When the Canucks take on the Minnesota Wild tonight (during CanucksArmy’s Money on the Board pledge run), they’ll do so without Nikolay Goldobin. Canucks head coach Travis Green confirmed that Nic Dowd was in and that he’s sitting Goldobin to make room.
— TSN (@TSN_Sports) March 10, 2018
This comes just a game after Goldobin sat for the final 16 minutes in an uninspiring 2-1 loss to the Arizona Coyotes. When asked to elaborate on the decision, Green’s commentary revealed just how frustrated the coaching staff seems with Goldobin at this stage in his development. He told Sportsnet 650’s Brendan Batchelor “you can’t just keep playing them when they’re making the same mistakes over and over.” Yikes.
If Goldobin was ever going to assert himself, the time was now. The Canucks are without Sven Baertschi, Brock Boeser, Markus Granlund, Loui Eriksson and Brendan Gaunce who are all nursing different injuries. And yet, Goldobin’s floundered. Even when Green’s put him in plum positions to produce offensively, Goldobin has struggled to put it together with any degree of consistency.
In his last three games, Goldobin hasn’t registered a point and had just four shots on goal. His ice-time has been steadily decreasing to 7:50 on Wednesday. Is the writing on the wall?
That’s the question I posed to the CanucksArmy staff. Specifically, I asked them how they see things playing out for Nikolay Goldobin with the Canucks.
It’s looking like it’s “put up or shut up” time for Goldy. He’s been given time on pretty much any line that could possibly extrude his abilities and it looks like it’s been wasted away. There could be a variety of reasons why he hasn’t translated from a prospect to a pro but as a hockey player, he’s invisible and even a guy like Jussi Jokinen stood out and he was a throw-in trade. If the Canucks bury him in Utica that may be the end of his time as a Vancouver Canuck. He will require waivers next season so there is the off-chance he’s claimed but the other side of it is that he does just enough that no one cares when he is called up.
I think the Canucks move on from him, personally. Jannik Hansen hasn’t worked out for San Jose so maybe Jim Benning will see that as a wash and feel ok letting him go.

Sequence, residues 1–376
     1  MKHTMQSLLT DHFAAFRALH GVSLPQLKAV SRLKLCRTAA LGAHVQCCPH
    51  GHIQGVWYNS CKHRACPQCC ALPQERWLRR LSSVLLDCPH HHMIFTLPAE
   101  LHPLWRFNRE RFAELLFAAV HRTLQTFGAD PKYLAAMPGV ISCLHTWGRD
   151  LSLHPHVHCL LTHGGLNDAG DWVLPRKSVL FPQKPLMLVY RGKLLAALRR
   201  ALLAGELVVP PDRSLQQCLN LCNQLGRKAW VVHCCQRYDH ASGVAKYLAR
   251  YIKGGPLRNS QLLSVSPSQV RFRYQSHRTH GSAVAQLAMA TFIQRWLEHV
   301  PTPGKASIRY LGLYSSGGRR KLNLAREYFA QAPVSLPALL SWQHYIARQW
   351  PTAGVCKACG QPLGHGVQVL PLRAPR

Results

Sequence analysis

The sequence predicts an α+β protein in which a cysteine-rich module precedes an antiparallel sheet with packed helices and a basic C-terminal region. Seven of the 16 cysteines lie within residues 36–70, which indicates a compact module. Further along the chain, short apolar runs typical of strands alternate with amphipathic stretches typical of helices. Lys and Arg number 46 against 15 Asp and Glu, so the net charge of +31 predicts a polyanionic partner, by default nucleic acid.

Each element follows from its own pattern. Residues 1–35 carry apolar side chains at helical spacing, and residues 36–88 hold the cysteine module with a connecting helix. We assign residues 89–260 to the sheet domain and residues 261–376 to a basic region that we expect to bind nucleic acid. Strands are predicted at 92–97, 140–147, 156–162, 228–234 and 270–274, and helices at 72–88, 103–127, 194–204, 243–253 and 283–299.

I haven’t seen Goldobin as a fit here for a while. I have been anticipating a trade out of town for Goldy, be it on his own or in a package. He doesn’t seem to fit the profile of what they want in a player, so I don’t see him in Vancouver by the time camp rolls around. Benning and Linden both mentioned the want to add more picks for the upcoming draft. It is entirely possible that one of those picks comes at the expense of Goldobin. Alternatively, they could peddle him for another team’s early/mid 20’s player who hasn’t been a fit. Not unlike the trades of Jensen for Etem or Shinkaruk for Granlund.
Linden: previous regime had policy not to sign Russians. Our scout almost fell off chair when we brought Tryamkin in for draft interview.
— nobody (@petbugs13) March 4, 2016
He’ll get placed on waivers to start next season. My guess is that he’d get picked up but he might clear if they time it right. I don’t see them getting a return for him. The Canucks have 1 forward spot open and that’s if the Sedins don’t come back. Leipsic, Virtanen, Motte, and Goldobin all require waivers next year. So now, if they go to trade him, any competent front office is going to know they’re in a tight spot and they’ll basically have the Canucks over a barrel in negotiations. You can tell through their comments that they’re basically done with Goldobin now; but it’s not like they’ll be able to get a return on him when a team knows they can just have him for free on waivers once negotiations have stalled.
I think I summed my thoughts up on the matter nicely in an interview with Mike Halford & Jason Brough on TSN 1040 this morning. Oddly enough, my position hasn’t changed since then.
— TSN Radio Vancouver (@TSN1040) March 9, 2018